The Families First Coronavirus Response Act (FFCRA) generally requires employers of fewer than 500 employees to provide certain new paid leave benefits to their employees. However, the FFCRA also provides that “[a]n employer of an employee who is a health care provider or an emergency responder may elect to exclude such employee” from these paid leave benefits.
In the days since the FFCRA was signed into law, this exception has created considerable confusion because the law does not define “health care provider,” and the existing definition under the Family and Medical Leave Act fails to include many professions that are commonly understood to be health care providers. On March 28, the U.S. Labor Department issued guidance in the form of a regularly updated question-and-answer document, which provides some clarity regarding who qualifies as a “health care provider” and how employers can assert this exception.
The Labor Department clarified that for purposes of which employees may be exempted from emergency paid sick leave or expanded FMLA leave, a “health care provider” includes “anyone employed at” the following institutions, employers, or entities:
- Doctor’s office
- Health care center
- Post-secondary education institution offering health care instruction
- Medical school
- Local health department or agency
- Nursing facility
- Retirement facility
- Nursing home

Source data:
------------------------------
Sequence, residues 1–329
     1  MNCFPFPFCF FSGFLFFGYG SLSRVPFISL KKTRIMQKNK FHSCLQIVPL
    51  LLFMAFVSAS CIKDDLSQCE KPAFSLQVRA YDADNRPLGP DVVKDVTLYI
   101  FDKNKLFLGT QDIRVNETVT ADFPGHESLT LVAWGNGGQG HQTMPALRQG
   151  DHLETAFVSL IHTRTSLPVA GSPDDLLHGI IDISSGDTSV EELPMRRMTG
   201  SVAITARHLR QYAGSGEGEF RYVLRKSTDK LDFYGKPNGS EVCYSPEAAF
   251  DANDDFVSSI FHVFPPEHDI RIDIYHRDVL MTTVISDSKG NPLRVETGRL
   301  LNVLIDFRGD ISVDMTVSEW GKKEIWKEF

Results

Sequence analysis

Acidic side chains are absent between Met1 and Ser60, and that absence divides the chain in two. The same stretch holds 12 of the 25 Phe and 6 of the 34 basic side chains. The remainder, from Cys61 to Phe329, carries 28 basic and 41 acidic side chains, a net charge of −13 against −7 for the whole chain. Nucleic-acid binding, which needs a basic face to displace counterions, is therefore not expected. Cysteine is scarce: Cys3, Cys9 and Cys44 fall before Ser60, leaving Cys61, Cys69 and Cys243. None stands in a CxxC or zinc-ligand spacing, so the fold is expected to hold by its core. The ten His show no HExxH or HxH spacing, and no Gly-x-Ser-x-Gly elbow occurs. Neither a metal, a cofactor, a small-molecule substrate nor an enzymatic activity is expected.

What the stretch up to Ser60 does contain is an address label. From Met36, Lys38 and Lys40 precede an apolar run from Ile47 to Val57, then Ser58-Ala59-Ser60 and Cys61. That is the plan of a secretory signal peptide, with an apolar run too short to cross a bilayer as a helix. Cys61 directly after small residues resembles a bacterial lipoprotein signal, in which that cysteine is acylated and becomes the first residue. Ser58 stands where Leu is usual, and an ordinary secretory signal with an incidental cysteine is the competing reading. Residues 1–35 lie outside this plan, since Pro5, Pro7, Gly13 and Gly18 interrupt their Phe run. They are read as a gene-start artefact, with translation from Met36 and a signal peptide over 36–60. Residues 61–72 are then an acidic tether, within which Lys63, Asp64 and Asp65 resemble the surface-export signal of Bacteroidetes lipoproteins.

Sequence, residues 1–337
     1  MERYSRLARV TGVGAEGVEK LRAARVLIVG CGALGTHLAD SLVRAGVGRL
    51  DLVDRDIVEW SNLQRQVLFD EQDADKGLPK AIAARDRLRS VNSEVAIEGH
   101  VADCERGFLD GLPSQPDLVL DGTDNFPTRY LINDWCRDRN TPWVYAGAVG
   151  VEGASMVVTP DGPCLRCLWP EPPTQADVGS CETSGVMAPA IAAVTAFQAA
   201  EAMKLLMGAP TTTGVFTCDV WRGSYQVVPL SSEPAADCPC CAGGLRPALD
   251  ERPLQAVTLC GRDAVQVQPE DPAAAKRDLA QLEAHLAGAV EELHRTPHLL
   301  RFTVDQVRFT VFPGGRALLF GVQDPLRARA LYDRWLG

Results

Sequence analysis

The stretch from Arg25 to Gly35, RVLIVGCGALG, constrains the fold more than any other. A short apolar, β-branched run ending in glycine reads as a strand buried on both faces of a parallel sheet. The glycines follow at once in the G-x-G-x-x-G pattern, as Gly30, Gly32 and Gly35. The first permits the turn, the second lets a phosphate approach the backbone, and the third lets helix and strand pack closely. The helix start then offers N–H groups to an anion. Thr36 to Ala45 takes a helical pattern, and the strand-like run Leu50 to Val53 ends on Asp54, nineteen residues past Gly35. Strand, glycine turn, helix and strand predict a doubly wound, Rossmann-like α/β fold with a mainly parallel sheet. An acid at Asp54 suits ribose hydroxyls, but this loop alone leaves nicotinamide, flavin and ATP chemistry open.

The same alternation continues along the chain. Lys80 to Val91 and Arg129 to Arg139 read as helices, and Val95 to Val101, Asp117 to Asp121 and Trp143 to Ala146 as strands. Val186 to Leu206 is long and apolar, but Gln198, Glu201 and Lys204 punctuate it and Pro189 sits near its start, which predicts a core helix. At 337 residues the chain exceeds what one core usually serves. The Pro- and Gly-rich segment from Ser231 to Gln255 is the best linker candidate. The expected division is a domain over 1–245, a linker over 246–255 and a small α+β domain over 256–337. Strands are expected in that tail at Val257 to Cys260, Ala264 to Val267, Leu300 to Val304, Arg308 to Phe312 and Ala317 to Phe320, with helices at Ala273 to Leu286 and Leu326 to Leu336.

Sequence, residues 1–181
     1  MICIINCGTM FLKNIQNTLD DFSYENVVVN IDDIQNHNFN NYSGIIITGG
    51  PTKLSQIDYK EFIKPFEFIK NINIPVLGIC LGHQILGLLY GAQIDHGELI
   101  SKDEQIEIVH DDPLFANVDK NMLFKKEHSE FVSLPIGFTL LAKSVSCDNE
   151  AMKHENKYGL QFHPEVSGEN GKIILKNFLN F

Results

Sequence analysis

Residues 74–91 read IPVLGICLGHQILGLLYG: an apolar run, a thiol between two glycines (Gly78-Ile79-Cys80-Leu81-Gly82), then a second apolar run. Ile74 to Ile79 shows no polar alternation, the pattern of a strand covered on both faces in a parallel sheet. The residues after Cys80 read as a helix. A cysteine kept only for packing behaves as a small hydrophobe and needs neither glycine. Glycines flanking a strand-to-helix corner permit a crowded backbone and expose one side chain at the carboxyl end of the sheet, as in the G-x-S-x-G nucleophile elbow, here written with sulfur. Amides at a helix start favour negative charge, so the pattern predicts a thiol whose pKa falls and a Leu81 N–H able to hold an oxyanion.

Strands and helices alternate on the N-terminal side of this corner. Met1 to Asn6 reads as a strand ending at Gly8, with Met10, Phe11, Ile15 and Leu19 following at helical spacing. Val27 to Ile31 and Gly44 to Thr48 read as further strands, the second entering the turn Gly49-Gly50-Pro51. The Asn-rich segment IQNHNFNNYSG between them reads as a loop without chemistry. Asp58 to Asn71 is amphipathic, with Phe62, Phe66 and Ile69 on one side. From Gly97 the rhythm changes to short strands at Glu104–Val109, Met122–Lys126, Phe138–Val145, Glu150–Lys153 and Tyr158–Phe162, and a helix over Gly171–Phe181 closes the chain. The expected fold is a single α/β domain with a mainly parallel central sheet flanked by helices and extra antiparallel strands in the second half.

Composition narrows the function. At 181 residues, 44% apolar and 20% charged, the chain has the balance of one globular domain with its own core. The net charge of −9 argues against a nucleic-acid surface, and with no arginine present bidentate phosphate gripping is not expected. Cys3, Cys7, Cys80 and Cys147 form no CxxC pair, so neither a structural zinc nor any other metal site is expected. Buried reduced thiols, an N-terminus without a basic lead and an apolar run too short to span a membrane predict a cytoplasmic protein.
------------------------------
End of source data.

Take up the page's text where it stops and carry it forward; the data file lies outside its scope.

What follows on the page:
- Home health care provider
- Facility that performs laboratory or medical testing
- Any similar institution, employer, or entity
Therefore, an employer who falls within any of the above categories can elect to exclude all of its employees from the paid leave benefits under the FFCRA.
The guidance also extends this exception to “any individual employed by an entity that contracts with any of the above institutions, employers, or entities to provide services or to maintain the operation of the facility.” For example, a janitorial or cleaning company that provides services to a hospital could also choose to exclude all of its employees from paid leave benefits under the FFCRA.
The update does not provide any guidance concerning how an employer should document its election, and the Labor Department “encourages employers to be judicious when using this definition to exempt health care providers from the provisions of the FFCRA.”
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